Prague, 8 January 1999 (RFE/RL) -- In all three Transcaucasus states, and in at least one of Russia's North Caucasus republics, political developments in 1999 are likely to revolve around upcoming elections.
Armenia must elect a new parliament in early summer. Georgia faces parliamentary elections in the autumn, followed by presidential elections in 2000. Azerbaijan continues to struggle with the fallout from last October's disputed presidential poll, and must prepare for parliamentary elections in 2000.
This April, voters in Karachaevo-Cherkassia will have the chance to end President Vladimir Khubiev's 18-year tenure as unelected head of that Russian republic. The poll could also provide Moscow with an opportunity to strengthen its position in the North Caucasus.
In Armenia, many political observers and opposition politicians believe the outcome of the parliamentary elections is a foregone conclusion. They note that the Yerkrapah Union of veterans of the Karabakh war, currently the largest group within parliament, is prepared to make only minor compromises over its draft election law. The law was passed in the first reading last November. Under the draft, 80 of the 131 deputies in the new parliament will be elected from single-mandate constituencies. Fearing that arrangement is conducive to vote-rigging, given that Yerkrapah will have a majority on electoral commissions at all levels, most opposition parties argue the majority of deputies should be elected according to a proportional "party list" system.
But the widely held perception that Yerkrapah will enter the election campaign with an unfair advantage over other parties has not prevented a wave of speculation about possible tactical electoral alliances. Much of that speculation focuses less on ideology than on individual political actors.
In both Georgia and Azerbaijan, by contrast, the authority and standing of the ruling party is crumbling. The Union of Citizens of Georgia (SMK) is accused by many of being corrupt and either unable or unwilling to push through systemic reform.
Disillusion with the SMK was one of the reasons for the unexpectedly strong showing in last November's local elections by the Labor Party, which deprived the SMK of the chairmanship of the Tbilisi and Kutaisi municipal councils. The Union for Democratic Revival, headed by Adjar Supreme Council chairman Aslan Abashidze, also demonstrated its ability to garner support nationwide, and not simply in its leader's native region. As yet, however, it is not clear whether the most influential left- and right-wing parties will form electoral alliances. If not, and if the election develops as in 1990, 1992, and 1995, up to 50 separate parties and blocs may field candidates.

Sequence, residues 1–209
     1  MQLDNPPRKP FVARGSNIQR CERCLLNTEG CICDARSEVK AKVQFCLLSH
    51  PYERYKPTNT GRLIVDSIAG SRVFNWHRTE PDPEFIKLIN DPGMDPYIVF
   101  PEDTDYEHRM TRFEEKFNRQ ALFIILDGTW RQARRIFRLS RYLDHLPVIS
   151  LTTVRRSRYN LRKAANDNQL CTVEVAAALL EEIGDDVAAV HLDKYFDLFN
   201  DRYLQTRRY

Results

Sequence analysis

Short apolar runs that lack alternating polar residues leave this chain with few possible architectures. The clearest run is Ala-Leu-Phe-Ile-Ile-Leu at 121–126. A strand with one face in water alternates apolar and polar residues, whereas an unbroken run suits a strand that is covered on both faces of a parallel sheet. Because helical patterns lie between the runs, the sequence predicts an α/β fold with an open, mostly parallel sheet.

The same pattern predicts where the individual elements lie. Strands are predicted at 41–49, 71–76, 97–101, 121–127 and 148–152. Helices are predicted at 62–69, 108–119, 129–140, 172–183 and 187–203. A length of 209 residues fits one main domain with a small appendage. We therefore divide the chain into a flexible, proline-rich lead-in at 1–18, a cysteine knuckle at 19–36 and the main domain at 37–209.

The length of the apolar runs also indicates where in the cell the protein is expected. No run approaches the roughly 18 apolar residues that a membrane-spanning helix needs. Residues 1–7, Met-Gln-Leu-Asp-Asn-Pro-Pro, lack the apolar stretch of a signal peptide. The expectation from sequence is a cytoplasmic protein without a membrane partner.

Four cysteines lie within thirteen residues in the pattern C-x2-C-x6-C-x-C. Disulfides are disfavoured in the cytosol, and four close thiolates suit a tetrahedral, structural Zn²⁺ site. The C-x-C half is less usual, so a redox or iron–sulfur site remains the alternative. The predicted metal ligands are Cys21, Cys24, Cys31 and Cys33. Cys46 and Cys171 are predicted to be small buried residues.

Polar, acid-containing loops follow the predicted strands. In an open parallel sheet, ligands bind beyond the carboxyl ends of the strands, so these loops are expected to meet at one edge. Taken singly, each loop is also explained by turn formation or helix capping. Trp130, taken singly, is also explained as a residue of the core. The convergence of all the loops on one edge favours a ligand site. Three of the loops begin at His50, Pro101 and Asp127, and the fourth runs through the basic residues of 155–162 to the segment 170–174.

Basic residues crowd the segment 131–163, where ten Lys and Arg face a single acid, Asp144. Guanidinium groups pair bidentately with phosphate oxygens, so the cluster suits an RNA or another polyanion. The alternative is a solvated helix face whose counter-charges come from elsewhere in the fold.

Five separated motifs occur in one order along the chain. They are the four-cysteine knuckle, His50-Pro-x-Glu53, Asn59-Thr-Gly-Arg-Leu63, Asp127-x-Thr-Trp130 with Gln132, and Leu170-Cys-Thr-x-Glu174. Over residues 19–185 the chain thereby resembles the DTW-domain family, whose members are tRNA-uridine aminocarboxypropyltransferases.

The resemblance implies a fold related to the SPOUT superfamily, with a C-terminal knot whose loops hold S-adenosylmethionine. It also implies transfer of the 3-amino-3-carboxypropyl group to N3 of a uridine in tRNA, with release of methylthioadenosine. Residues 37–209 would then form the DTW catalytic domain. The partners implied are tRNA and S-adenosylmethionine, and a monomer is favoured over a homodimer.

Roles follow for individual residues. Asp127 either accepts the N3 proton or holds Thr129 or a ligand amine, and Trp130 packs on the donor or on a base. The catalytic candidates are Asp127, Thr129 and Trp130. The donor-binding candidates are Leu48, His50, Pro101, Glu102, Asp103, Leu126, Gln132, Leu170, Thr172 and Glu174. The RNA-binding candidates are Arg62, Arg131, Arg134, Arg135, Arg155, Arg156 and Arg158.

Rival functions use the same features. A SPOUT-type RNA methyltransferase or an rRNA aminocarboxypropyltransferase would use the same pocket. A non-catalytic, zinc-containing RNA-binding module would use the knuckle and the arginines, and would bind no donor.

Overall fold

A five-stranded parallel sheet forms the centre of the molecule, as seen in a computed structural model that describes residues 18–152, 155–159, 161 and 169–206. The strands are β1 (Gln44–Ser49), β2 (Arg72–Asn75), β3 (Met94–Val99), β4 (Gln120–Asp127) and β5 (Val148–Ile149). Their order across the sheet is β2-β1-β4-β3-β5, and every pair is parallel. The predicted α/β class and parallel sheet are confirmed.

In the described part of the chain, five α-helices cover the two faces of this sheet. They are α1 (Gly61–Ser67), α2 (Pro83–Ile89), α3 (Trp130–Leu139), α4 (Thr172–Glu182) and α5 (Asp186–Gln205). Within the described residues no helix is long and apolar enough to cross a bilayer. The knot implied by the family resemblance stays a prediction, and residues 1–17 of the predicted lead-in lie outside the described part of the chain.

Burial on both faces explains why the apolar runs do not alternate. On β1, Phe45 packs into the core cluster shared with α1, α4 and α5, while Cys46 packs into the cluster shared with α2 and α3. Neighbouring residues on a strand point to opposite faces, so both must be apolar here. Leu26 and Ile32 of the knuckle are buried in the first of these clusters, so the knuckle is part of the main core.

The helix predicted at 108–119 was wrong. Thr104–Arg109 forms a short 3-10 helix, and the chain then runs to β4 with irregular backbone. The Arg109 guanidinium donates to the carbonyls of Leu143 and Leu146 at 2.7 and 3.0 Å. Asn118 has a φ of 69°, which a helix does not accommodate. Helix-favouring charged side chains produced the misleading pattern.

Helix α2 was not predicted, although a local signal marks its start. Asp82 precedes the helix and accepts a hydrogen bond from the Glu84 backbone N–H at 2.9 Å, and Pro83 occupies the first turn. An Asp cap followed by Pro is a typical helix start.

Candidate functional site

The outcome of the poll will depend largely on the present Georgian leadership's success, or lack of it, in reversing last year's economic downturn.
Under normal circumstances, elections in a republic of a Russian Federation with a population of less than half a million, few strategic resources, and no simmering territorial conflicts would not seem to warrant much attention. But the upcoming presidential campaign in Karachaevo-Cherkessia is unique in a number of ways.
First, the 66-year-old Khubiev is the only remaining president of a federation subject to have been appointed to his post by Russian President Boris Yeltsin, rather than elected. The enacting of a law on the presidential elections in September was preceded by mass demonstrations in the republic's capital, Cherkassk.
Second, the republic's ethnic composition will inevitably effect the election campaign. Karachaevo-Cherkessia is one of several hybrid North Caucasus territorial formations that arbitrarily lumps together a Turkic and a Caucasian titular nationality. The largest ethnic group at some 42 percent of the total population are the Russians, many of whom are Cossacks. They are followed by the Turkic Karachais, some 31 percent. The Cherkess account for less than 10 percent of the population.
To date, only two candidates have formally announced their intention to run. One is the incumbent, Khubiev, a Cherkess whose popularity has fallen in tandem with the republic's economy. The other is 51-year-old businessman Stanislav Derev, the mayor of Cherkessk.
Another possible candidate is the former commander of the Russian army's land forces, Vladimir Semenov, who is currently an advisor to the Russian Ministry of Defense. Semenov's father was Karachai and his mother Russian, and his presidential candidacy has been endorsed by the republic's Council of Elders.
Semenov has recently argued that the peoples of the North Caucasus and Transcaucasus should consolidate in the face of a perceived threat from expanding Western influence in the region.
For that reason, his candidacy would almost certainly receive Moscow's approval and support.